Synod bishops and youth delegates pray together along medieval pilgrimage route

Bishops and youth auditors from the synod walk the Via Francigena in Rome, Oct.25, 2018. Credit: CNA
Bishops and youth auditors from the synod walk the Via Francigena in Rome, Oct.25, 2018. Credit: CNA

.- As the 2018 Synod of Bishops draws to a close, young people and bishops walked together along a medieval pilgrimage route to the tomb of St. Peter.

 

“For me this pilgrimage is a time for reflection, to reflect on how can I share what I have learned in this synod, what I have experienced,”  Jules Boutros told CNA on the pilgrimage.

 

Boutros, a young Syriac Catholic priest from Beirut, participated as one of 36 youth auditors in the synod on young people, the faith, and vocational discernment.

 

The pilgrimage was a breath of fresh air, another youth auditor from Jakarta, Indonesia said, “We have been stuck in that room for three weeks.”

 

“To meet young people, to pray with them, to pray the rosary with them, we needed it,” Archbishop David Macaire of Saint-Pierre and Fort-de-France in Martinique told CNA.

 

“To walk together is a very good symbol, a good sign of what we have already lived as a group, as a community” at the synod, the archbishop continued.

 

Synod participants walked the final five miles of the Via Francigena pilgrimage route Oct. 25.

 

The Via Francigena is a historic pilgrimage route from Canterbury Cathedral through France and Switzerland to Rome. The first recorded pilgrimage along the Via Francigena dates back to the 9th century.

 

“What an inspired idea! A pilgrimage along an old pilgrim route to the Tomb of St Peter!” Cardinal Wilfrid Napier of Durban, South Africa wrote on Twitter Oct. 25.

 

“Great terrain for praying the Rosary or meditating!” Napier added.

 

The pilgrimage included stops for prayer with Gospel reflections on the road to Emmaus, a gospel narrative that has framed many of the synod discussions of accompaniment.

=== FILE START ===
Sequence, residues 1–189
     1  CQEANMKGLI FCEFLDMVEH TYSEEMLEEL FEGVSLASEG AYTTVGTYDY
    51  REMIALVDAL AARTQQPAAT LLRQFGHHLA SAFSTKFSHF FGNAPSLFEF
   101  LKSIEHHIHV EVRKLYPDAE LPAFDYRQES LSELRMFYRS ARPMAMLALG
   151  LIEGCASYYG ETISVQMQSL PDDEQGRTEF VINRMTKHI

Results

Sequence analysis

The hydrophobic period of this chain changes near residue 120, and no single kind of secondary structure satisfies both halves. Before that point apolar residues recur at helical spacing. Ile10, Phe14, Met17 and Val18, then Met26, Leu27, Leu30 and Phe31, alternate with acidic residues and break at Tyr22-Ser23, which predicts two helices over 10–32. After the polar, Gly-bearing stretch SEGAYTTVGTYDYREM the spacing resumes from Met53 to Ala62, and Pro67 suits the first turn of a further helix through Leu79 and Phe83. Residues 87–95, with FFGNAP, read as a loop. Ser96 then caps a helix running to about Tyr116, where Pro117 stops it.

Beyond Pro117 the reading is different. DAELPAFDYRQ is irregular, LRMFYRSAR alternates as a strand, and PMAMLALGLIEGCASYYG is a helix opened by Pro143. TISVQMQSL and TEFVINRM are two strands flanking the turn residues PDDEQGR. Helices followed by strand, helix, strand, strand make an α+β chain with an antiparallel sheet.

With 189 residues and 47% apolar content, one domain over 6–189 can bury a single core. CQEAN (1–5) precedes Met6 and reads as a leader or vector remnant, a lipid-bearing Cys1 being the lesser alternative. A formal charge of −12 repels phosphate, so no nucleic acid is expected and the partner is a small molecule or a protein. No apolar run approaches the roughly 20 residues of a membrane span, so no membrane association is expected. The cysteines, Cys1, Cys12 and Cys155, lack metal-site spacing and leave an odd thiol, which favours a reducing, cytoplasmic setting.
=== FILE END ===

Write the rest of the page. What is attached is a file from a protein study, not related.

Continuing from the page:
“Today we are walking together, like the Emmaus story. Together with the young people, with the bishops, with the priests, we walk together accompanying each other,” Archbishop Simon Peter Poh Hoon Seng of Kuching, Malaysia told CNA.

 

However, the trek winding around Monte Mario, the highest hill in Rome, was not easy for all of the bishops. Cardinal Napier said the rocky paths on the route were “hard, hard work.”

 

The pilgrimage culminated in a Mass in St. Peter’s Basilica with Pope Francis, presided over by Cardinal Lorenzo Baldisseri, General Secretary of the Synod of Bishops.

 

Youth auditors from the Philippines, Canada, Zimbabwe, and Lebanon prayed the rosary together as they walked. Others chatted and exchanged vocation stories.

 

One young person called the pilgrimage a time of  “deep reflection” with “the grace of the Holy Spirit.”

 

The close friendships that have developed among the 36 youth auditors during the synod were also clearly visible throughout the trek.

“It was only one month, but we are really like a family,” Corina Mortola, a youth auditor from Mexico told CNA.

 

“The 36 of us, we are friends. We are from India, Pakistan, Italia, Mexico, Chile, USA, Nigeria, Guinea, Cameroon, New Zealand, New Caledonia, Spain, and many places.”

 

She continued,  “We are returning to our countries, but we are together for eternity.”

Tags: Pope Francis, Cardinal Napier, Synod on the Youth